Dogs Go Wolf by Lauren Groff, 2018
The magic trick:
Breaking the narrative momentarily for epilogue material that provides a new perspective on the story
This one is an interesting combination of Karen Russell’s “Haunting Olivia” and Groff’s own “The Midnight Zone.” Not a bad thing, per se. Those are two really good stories; two very Florida stories. So it’s not a surprise then that “Dogs Go Wolf” is very much about setting.
I actually love this story. It’s one of my favorites from the last few years in The New Yorker. There is much to recommend here, but I think my favorite aspect is the way the narration breaks right near the peak of dramatic tension. We leave the story’s present tense momentarily and skip forward a couple of decades. We get a picture of how these kids turn out as adults.
On one hand, it’s reassuring. OK, they survive this ordeal, we think. But on the other hand, it’s not exactly a rosy picture of perfect future happiness either. Mostly, though, the brief section refocuses our attention when we return to the story’s main narrative on the island. We no longer are reading for plot or suspense, we’re looking at the world with a more lyrical or symbolic eye, with a renewed focus on the feminist undertones here.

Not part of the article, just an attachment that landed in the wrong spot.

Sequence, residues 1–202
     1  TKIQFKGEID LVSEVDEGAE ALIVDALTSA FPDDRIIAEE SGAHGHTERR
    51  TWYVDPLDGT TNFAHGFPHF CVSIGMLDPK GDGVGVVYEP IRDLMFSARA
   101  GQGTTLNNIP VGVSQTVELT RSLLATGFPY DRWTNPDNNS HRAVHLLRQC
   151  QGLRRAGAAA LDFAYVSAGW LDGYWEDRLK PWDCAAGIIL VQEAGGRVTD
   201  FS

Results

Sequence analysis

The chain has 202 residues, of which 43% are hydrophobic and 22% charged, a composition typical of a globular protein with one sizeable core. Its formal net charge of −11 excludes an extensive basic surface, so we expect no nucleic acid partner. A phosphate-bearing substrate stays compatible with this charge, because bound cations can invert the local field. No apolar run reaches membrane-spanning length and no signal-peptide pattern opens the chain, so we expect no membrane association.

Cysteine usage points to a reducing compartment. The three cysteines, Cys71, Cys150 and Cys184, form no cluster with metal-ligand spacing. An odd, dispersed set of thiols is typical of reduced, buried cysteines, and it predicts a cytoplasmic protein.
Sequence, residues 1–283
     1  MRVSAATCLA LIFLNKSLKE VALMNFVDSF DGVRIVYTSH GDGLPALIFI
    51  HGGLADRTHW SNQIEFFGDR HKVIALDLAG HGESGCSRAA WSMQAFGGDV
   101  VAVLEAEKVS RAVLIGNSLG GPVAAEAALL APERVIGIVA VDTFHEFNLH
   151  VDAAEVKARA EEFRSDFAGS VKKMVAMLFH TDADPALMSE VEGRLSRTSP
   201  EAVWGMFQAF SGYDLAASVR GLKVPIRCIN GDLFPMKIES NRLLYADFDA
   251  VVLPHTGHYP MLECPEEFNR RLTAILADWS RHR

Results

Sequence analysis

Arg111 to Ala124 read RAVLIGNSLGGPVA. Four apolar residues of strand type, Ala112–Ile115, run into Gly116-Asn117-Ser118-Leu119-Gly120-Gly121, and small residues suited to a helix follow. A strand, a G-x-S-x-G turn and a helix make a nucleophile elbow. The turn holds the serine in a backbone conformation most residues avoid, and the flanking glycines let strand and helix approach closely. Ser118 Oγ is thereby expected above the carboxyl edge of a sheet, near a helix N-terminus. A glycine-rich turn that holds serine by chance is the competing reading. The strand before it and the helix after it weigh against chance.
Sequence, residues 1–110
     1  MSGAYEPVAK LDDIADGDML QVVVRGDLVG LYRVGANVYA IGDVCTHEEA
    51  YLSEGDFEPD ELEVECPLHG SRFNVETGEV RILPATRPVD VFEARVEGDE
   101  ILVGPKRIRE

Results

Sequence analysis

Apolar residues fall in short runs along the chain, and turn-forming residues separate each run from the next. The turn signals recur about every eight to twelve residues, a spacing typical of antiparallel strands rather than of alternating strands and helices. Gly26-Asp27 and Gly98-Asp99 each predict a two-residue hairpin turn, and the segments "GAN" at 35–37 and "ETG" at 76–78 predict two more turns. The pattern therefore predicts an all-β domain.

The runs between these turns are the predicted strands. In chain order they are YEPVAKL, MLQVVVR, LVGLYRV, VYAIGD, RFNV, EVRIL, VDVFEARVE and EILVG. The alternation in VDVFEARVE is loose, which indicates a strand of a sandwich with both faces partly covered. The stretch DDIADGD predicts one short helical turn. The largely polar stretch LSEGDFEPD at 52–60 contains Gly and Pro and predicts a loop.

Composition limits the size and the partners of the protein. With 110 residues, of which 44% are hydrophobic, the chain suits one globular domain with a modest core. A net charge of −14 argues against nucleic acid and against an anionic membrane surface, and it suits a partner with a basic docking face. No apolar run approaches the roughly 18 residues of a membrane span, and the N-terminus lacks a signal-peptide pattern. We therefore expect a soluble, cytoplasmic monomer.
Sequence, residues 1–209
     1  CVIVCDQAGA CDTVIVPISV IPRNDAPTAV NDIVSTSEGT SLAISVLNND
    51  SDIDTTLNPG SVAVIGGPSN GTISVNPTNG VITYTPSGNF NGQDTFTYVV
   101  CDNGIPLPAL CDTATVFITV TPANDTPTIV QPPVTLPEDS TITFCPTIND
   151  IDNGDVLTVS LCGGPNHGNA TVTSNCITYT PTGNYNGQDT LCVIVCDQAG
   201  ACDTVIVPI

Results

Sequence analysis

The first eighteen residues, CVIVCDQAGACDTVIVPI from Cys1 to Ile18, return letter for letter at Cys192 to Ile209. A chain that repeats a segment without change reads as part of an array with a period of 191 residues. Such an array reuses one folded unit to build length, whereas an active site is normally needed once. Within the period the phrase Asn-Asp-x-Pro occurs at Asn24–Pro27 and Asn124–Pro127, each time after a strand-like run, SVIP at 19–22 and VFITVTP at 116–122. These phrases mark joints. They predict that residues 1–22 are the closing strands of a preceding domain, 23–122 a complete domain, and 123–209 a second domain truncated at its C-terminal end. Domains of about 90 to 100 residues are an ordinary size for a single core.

Really great story!
And that’s quite a trick on Groff’s part.
The older sister’s body was made of air. She was a balloon, skidding over the ground. The light on the waves in the bay made her cry, but not with sadness. It was so beautiful, it wanted to speak to her; it was about to say something if she only watched hard enough.
The zip of a mosquito near her ear was a needling beauty. She let the mosquito land on her skin, and slowly it pulsed and pumped and she felt her blood rising up into the small creature.
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